Near the end of the Cold War, talk turned to cost-imposing strategies — strategies that pushed the Russians to spend more than they could afford in order to keep up — but, Tom Ricks recently discovered, this isn’t a new idea:
Paul Kennedy, in his terrific study of The Rise and Fall of British Naval Mastery, quotes the Duke of Newcastle as stating in 1742 that, “France will outdo us at sea when they have nothing to fear on land. I have always maintained that our marine should protect our alliances on the Continent, and so, by diverting the expense of France, enable us to maintain our superiority at sea.”
Kennedy says this was the key to British policy for centuries: Keep Europe in a balance of power so that no one nation dominated the continent, and all nations there would have to focus on land power at the expense of sea power. Hence Britain’s “perfidious” reputation — it didn’t care much about the nature of its alliances as long as it could balance European powers while it expanded its empire outside Europe. He writes that, “of the seven Anglo-French wars which took place between 1689 and 1815, the only one which Britain lost was that in which no fighting took place in Europe.” This pattern gave rise to the expression that France lost Canada in Germany.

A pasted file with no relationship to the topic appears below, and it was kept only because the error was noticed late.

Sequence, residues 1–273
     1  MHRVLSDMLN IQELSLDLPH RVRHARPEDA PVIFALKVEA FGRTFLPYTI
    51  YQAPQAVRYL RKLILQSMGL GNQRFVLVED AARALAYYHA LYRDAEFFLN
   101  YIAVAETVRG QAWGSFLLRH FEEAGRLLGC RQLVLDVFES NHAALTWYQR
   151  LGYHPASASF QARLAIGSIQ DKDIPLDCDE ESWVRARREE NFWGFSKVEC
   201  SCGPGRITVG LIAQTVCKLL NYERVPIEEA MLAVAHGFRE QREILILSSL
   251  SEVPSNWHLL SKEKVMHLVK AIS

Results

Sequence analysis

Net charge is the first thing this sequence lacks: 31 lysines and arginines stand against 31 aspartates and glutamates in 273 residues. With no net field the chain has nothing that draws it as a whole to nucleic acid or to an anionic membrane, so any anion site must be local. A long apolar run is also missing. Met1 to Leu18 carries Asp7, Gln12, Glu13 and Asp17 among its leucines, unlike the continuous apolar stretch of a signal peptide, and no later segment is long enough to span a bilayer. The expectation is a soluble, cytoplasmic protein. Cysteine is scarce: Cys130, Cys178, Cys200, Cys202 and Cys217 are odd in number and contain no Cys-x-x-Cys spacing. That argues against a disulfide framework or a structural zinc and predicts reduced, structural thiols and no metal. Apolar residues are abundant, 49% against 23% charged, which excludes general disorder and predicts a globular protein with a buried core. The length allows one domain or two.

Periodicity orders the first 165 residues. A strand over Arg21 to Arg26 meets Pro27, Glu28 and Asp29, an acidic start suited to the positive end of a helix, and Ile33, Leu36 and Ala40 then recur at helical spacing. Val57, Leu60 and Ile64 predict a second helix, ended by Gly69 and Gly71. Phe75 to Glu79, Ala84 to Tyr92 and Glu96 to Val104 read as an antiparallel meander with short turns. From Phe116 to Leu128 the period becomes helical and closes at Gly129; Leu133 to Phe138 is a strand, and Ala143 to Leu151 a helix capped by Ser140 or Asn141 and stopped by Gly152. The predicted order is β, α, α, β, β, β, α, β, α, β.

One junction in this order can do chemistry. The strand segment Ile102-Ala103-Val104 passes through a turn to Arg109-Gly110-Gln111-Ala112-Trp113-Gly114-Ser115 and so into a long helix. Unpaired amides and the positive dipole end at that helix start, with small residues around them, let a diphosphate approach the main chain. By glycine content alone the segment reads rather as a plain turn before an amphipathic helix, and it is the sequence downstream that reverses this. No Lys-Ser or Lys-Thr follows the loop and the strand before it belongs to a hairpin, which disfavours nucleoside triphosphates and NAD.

This approach worked until 1914.
The British occupation of Gibraltar grew out of this strategy. By having a base at the mouth of the Mediterranean, the British could deter the French from moving their Mediterranean fleet out to join their Atlantic fleet.
Kennedy’s book reminds me a lot of Piers Mackesy’s The War for America in that it teaches not just history but strategy. I am surprised that no one told me to read it years ago.